A true one-pan dish that works well with lots of variations of seasonings and vegetables

Ingredients

  • 18 chicken thighs with skin and bone
  • 1 butternut squash in cubes
  • 3 lbs red potatoes in cubes
  • 1 lb baby carrots
  • 2 lbs brussels sprouts, halved
  • 1/2 cup olive oil
  • 1/2 cup balsamic vinegar
  • salt (preferably kosher)
  • pepper
  • oregano
  • basil

Instructions

  1. Grease a large, shallow pan. Preheat the oven to 400.

  2. Mix together the olive oil and vinegar with a tablespoon of salt and pepper. Spread the vegetables in the pan, pour the mixture over them, and stir them up to coat, then spread them out again. 

  3. Lay the chicken breasts on top of the vegetables. Sprinkle more salt and pepper, basil and oregano over the whole pan. 

  4. Cook for 30 minutes or more, until vegetables and chicken are cooked through and chicken skins are golden and crisp. 

  5. If necessary, broil for a few minutes to add a little char. 

 

Healing vanity and self-loathing through selfies

On Monday, I wrote about the pressure women feel to be aesthetically pleasing. It’s one thing to recognize it for what it is, and to reject it as unjust; it’s another to stop feeling that pressure. I can’t change what people expect of me, but I can change what I expect of myself.

I know this guy who used to be a gay porn star. Now he’s not, and he is trying very hard to lead a life that’s completely different from his old life. He constantly posts photos of himself on social media — so many that someone finally asked him why. He explained that there are countless photos of himself from his porn days, and that’s what people see if they search his name. He can’t get them taken down, but he can outnumber them out with these new photos that show him as he is now. He wants people to see him as he is now — which is more like who he wants to be, who he thinks he was made to be.

I realized I do something similar — not for the sake of other people, but for my own. It’s not vanity, exactly, and it’s definitely not confidence. Just the opposite: It’s because I’ve spent so many years terrified of looking bad, and I’m tired of it. 

Sometimes I look in the mirror and I see . . . nothing. I see nonsense, like a scrambled photo I can’t make heads or tails of. I literally can’t tell what I’m looking at, when I look at myself. Am I shapeless and obese? Am I shapely and strong? Do I look professional and tidy, or do I look like a rat that got into his mother’s makeup? I simply can’t tell. My self-image is too garbled. One time, I had been beating myself up for the ten pounds I had gained in the last few weeks because of my slovenly ways. Then I actually got on a scale, and it turned out I was actually down half a pound.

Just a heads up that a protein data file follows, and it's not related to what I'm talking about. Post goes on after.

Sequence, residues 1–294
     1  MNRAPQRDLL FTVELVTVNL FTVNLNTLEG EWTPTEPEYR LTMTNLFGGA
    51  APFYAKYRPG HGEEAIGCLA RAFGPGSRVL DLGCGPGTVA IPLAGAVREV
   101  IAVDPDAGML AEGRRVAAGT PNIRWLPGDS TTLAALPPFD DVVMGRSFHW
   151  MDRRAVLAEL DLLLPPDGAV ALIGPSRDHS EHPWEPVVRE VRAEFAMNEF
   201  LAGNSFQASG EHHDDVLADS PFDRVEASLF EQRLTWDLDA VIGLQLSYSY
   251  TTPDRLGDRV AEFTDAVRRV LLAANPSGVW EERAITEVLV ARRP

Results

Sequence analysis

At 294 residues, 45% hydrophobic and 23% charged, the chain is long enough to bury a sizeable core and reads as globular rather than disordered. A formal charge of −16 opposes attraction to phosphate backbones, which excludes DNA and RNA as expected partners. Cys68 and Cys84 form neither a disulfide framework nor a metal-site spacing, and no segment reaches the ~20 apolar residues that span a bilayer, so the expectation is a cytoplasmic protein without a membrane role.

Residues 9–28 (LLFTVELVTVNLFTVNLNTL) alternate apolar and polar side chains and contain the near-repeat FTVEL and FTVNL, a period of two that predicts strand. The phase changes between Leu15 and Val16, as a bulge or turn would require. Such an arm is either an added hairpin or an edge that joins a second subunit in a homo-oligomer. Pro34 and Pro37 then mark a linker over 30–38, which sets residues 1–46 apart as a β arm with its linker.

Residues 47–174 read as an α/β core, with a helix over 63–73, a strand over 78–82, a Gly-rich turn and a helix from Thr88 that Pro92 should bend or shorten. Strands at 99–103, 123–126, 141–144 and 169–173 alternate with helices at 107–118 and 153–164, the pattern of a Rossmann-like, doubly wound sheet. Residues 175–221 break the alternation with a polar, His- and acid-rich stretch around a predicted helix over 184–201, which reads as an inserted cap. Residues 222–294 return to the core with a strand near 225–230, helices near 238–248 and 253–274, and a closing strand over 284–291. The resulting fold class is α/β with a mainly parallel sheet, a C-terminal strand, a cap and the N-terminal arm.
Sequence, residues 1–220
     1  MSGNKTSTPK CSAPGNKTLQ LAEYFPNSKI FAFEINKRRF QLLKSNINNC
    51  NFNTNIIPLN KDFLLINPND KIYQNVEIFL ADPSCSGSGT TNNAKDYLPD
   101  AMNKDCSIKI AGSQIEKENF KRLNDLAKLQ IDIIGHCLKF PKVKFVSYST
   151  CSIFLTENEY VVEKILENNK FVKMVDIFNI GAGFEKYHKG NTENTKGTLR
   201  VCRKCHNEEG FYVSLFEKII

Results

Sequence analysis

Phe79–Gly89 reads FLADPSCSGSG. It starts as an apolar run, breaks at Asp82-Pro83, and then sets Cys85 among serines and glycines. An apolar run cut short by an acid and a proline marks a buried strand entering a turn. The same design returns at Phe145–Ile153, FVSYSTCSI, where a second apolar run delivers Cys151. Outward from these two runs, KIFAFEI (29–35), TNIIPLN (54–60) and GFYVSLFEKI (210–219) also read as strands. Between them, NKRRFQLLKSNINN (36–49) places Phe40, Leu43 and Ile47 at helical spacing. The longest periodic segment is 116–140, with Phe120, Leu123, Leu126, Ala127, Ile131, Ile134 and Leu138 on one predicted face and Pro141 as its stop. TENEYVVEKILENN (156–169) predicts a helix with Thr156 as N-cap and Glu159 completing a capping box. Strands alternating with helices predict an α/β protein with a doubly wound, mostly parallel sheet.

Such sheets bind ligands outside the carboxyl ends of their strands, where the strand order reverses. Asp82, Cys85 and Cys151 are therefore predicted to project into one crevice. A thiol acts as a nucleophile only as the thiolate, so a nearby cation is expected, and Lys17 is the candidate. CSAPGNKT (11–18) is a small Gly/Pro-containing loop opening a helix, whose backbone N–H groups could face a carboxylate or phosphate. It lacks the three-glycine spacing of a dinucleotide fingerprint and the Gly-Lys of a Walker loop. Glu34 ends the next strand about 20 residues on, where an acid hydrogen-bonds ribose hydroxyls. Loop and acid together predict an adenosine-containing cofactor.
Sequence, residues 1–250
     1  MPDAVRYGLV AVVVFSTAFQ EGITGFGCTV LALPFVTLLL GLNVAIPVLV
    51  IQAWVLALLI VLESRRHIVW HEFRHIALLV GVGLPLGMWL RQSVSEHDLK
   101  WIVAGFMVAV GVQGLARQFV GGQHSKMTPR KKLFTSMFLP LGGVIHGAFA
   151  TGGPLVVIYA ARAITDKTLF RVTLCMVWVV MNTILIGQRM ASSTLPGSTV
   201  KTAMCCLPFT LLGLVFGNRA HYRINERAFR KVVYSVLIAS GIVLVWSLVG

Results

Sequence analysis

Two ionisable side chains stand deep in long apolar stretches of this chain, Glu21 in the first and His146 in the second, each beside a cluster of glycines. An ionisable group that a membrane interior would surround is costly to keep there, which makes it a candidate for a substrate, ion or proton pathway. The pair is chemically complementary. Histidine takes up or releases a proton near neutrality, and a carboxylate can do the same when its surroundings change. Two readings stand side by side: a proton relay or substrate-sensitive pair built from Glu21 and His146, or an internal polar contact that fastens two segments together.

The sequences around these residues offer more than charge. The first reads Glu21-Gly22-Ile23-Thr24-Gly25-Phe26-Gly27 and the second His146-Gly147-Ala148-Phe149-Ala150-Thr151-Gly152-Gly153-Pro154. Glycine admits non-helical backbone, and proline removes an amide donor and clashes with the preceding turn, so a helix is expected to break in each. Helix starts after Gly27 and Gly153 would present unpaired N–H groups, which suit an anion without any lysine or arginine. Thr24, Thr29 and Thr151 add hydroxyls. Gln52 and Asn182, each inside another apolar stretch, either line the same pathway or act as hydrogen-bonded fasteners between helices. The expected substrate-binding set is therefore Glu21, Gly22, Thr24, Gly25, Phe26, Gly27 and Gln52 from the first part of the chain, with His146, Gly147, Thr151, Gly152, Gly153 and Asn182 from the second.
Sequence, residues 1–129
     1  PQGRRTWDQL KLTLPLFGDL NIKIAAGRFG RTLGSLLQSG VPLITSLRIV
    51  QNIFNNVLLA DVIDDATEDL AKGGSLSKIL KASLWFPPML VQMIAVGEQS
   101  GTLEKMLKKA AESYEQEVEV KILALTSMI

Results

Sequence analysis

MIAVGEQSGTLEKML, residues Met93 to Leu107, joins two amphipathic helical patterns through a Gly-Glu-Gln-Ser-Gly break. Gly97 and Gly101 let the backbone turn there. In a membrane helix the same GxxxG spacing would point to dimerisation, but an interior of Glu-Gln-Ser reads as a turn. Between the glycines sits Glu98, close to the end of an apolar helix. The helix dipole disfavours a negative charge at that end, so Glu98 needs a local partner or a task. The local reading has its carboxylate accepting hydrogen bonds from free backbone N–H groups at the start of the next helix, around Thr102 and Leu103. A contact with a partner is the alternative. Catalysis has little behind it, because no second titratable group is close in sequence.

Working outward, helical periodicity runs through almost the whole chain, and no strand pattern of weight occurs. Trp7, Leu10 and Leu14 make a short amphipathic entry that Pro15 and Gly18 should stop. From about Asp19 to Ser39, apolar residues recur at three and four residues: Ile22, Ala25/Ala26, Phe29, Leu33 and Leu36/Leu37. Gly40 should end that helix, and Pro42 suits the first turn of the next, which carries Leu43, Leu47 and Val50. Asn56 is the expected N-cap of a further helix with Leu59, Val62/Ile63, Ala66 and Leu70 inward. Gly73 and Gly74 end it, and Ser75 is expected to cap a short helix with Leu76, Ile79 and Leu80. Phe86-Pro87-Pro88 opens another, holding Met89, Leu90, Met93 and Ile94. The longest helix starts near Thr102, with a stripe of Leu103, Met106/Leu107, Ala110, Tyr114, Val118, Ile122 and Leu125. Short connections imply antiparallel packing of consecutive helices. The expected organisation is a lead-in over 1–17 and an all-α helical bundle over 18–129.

And immediately, the mirror obediently showed me someone who looked about half a pound prettier. 

This is how I know mirrors are garbage. There is no such thing as “half a pound prettier.” Yet that is what I saw. And I know this happens to other people, not just people who’ve been through the pregnancy olympics. 

In truth, mirrors can only tell you very specific, limited things, like, “Am I wearing pants right now?” or “Do I have jelly on my face or not?” They can’t tell you, “Do I look nice or terrible?” and they certainly can’t tell you, “Am I acceptable as a human being or not?” Just as it’s really your brain, and not your eyeballs, that see the world, it’s your idea of yourself, and not the mirror, that tells you what you look like.

Now, what we look like is not the most important thing about us. I protested mightily against the idea that a pleasing appearance should be the thing that earns us respect and a place of dignity in the world; and scripture is clear: The Lord seeth not as man seeth; for man looketh on the outward appearance, but the Lord looketh on the heart.  

But unless we’re babies or very elderly or in some other unusual circumstances, it’s not possible or even admirable to give no thought whatsoever to how we look. It’s okay to want to look nice! You want to be able to present yourself appropriately, so you can feel reasonably confident and secure, and can then go on to focus your time and attention on other things. 

So how do you learn that sense of proportion? How do you learn to care for yourself without being overcome with anxiety about yourself?

I’m fairly skeptical about advice to simply bellow, “I AM BEAUTIFUL! ALL WOMEN ARE BEAUTIFUL!” Maybe it works for some people, but for me, it just fosters hypocrisy. I don’t need to feel that I am stunning and gazelle-like and desirable to all mankind. I just need to have my self-imaged healed so it stops howling like a wounded dog. I need to have it retreat to normal proportions, rather than swelling up and throbbing grossly at unexpected times. I need, in short, to know more or less how I look, and to be more or less okay with it, so I can forget it and think about something more interesting. 

That, by the way, is the aesthetic aspect of what Christians mean by humility. It doesn’t mean thinking you’re a useless, worthless worm. It means knowing who you are, accepting it, and getting on with what’s important.